US Air Force to send dozens of F-22 Raptor fighter jets to Pacific in powerful message as tensions with China escalateJuly 16, 2021
THE US Air Force is set to send dozens of F-22 Raptor fighter jets to the Pacific as tensions with China escalate.
Around 25 of the aircraft will head to Guam and Tinian islands later this month in what experts say is a powerful message to the Communist nation.
Gen. Ken Wilsbach, Pacific Air Forces commander, told CNN: "We have never had this many Raptors deployed together in the Pacific Air Forces area of operations."
Experts fear China will blast the United States off the top spot to become the world's top economic and military power within the next decade.
Defense analyst Carl Schuster said: "The Pacific Air Force is demonstrating that it can deploy as many or more fifth-generation aircraft into the theater on short notice than (China) currently has in its entire inventory."
Normal deployments feature six to 12 of the jets, Schuster said.
America has around 180 F-22s; China has up to 24 fifth-generation fighters.
Former Australian air force officer Peter Layton said: "The US is actively practicing the deployments it will make if there is a major crisis or war.
"The US is taking China very seriously and is developing its force posture and training its forces to be able to quickly move into position."
The move is part of Operation Pacific Iron 2021.
"Airmen deployed in support of Pacific Iron 2021 will demonstrate Multi-capable Airmen skills and conduct simulated combat flight operations from local airports in Guam and Tinian," the Pacific Air Forces said in a statement.
They added: "More than 35 aircraft and approximately 800 Airmen from Pacific Air Forces and Air Combat Command will deploy to the U.S. Indo-Pacific Command’s area of responsibility in July to participate in Operation Pacific Iron 2021."
A bombshell Pentagon report said the world is edging towards nuclear war because Russia and China are modernizing ballistic missiles, and developing new submarines.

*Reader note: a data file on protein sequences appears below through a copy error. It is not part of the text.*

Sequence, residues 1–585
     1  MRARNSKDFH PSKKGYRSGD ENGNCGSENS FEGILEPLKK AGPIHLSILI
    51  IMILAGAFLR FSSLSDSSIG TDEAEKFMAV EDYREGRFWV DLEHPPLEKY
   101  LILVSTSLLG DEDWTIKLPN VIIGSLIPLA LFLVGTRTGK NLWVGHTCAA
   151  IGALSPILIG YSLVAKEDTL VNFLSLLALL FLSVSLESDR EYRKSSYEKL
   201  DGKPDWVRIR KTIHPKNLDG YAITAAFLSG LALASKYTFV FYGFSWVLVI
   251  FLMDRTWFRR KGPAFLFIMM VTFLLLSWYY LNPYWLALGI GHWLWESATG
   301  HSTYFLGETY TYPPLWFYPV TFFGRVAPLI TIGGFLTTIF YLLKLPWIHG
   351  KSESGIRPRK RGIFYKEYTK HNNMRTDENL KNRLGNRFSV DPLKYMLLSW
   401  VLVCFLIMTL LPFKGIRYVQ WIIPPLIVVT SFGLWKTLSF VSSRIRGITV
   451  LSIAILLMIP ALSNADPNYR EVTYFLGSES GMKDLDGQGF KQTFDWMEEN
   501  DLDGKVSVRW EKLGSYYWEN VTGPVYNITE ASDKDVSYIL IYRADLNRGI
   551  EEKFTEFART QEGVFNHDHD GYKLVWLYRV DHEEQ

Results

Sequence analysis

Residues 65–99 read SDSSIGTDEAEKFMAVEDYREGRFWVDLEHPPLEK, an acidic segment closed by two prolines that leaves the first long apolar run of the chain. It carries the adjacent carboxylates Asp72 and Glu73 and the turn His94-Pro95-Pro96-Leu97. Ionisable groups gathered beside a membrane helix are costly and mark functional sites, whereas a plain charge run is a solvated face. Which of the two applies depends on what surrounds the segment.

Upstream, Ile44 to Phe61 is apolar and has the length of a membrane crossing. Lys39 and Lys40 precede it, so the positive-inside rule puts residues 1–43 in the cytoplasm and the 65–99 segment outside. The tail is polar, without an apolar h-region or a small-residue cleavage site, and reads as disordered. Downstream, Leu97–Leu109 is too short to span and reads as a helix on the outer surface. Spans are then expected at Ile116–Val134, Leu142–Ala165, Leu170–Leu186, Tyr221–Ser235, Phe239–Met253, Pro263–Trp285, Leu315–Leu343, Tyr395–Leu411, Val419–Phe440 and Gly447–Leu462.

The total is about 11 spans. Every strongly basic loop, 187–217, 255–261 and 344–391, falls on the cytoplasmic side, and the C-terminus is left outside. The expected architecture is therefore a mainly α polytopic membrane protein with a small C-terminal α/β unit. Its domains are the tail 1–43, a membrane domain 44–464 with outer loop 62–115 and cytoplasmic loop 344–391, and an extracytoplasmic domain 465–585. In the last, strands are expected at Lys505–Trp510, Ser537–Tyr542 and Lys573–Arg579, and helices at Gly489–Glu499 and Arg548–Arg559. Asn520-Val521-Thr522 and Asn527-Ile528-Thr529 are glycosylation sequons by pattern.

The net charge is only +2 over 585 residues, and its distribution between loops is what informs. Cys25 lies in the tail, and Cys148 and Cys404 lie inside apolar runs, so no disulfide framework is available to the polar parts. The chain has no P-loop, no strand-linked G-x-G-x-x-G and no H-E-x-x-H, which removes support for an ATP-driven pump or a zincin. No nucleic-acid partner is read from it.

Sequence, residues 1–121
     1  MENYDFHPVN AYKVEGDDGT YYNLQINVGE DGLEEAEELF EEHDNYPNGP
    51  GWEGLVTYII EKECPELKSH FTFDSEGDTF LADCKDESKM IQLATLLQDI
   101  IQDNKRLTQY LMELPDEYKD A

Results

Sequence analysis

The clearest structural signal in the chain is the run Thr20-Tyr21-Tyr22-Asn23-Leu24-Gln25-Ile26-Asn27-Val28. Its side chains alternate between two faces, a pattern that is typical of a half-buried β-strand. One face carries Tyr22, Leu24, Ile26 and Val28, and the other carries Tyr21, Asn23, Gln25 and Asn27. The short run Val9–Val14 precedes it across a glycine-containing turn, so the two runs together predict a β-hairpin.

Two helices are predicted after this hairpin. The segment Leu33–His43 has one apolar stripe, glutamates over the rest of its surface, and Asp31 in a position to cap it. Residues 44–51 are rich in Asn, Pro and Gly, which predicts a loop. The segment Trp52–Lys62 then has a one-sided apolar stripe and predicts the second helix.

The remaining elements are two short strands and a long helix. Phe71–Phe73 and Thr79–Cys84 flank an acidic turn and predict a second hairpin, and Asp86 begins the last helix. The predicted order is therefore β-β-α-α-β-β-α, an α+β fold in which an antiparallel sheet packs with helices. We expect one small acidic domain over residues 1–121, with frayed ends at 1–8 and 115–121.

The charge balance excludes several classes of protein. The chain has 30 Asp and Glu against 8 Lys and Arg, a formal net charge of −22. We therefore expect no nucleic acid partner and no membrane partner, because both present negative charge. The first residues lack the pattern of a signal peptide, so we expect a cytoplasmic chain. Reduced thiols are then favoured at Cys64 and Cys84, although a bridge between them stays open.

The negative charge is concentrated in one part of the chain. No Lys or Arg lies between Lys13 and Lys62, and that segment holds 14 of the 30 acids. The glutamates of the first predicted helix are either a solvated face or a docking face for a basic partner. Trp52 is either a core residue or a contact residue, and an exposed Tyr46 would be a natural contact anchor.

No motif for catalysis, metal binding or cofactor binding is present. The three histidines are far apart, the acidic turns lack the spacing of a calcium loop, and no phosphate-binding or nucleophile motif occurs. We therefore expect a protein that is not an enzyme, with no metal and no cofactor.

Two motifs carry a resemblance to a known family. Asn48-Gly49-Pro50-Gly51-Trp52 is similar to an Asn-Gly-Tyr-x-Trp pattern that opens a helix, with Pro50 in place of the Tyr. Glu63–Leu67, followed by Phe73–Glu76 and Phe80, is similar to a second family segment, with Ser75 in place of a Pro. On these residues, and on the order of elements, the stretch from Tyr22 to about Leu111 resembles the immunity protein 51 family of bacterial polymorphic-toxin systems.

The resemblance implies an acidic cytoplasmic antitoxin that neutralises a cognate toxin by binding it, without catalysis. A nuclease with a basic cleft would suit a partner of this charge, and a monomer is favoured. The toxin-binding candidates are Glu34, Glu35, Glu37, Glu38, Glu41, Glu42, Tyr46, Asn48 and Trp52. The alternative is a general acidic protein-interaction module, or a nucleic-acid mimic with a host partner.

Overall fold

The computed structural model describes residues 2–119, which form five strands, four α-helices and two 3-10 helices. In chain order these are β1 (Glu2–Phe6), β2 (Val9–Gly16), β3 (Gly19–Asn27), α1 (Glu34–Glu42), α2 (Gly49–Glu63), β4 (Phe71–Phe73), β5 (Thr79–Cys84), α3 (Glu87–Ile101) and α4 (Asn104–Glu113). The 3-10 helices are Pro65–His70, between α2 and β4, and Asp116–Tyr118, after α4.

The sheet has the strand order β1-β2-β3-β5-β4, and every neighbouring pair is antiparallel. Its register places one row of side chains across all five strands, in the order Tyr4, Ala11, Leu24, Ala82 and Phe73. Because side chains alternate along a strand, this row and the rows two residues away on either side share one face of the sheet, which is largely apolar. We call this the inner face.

Beijing is reportedly considering whether to develop autonomous nuclear weapons systems, the New York Post reports.
Ambassador Robert Wood told reporters last week: “If they were to develop, these kinds of weapons and aerial systems, this has the potential to change the strategic stability environment in a dynamic way.”
China is on course to overtake the US and become the biggest economic powerhouse, Professor Kerry Brown, of the Lau China Institute at King's College London, told The Sun.
"Economically, barring total disaster for China, it will be the largest economy some time in the next decade," Professor Brown said.
China's rapid military modernisation has fuelled growing concern among its Asian neighbours and in the West.
The People's Liberation Army now has the world's second-largest annual budget after the US armed forces and has been adding sophisticated new aircraft, showcased in a flyover at the start of the centenary ceremony featuring a squadron of China's J-20 stealth fighters.
The country is enmeshed in a deepening rivalry with the United States for global power status and has seen recent clashes with India along their disputed border.
And China's ambitions show no sign of dampening.
Ashok Swain, professor of peace and conflict research at Sweden's Uppsala University, believes China will "get the upper hand, both economically and militarily, on bilateral terms" in the next decade.
"The US is spending on its military at least three times more than China, but China is spending more and more every year to modernise its military and develop new weapons," the 56-year-old told The Sun.
"China, under Xi Jinping, has become very different from what it was expected to be ten years ago when the Chinese Communist Party was celebrating its 90th anniversary.
"There is no hope anymore of regular transition of power or some openness in the political system.
"Xi now has total control of the country, party, and military."
Robert Sutter of George Washington University's Elliot School of International Affairs warned that Xi is "setting up China for a protracted struggle with the US".
"In foreign affairs it involves growth of wealth and power, with China unencumbered as it pursues its very self-centered policy goals at the expense of others and of the prevailing world order," Sutter said.
New data has revealed how the Communist Party ranks swelled by 2.43 million in 2020 – the largest annual gain since Xi became president in 2013 – to 95.15 million members now.
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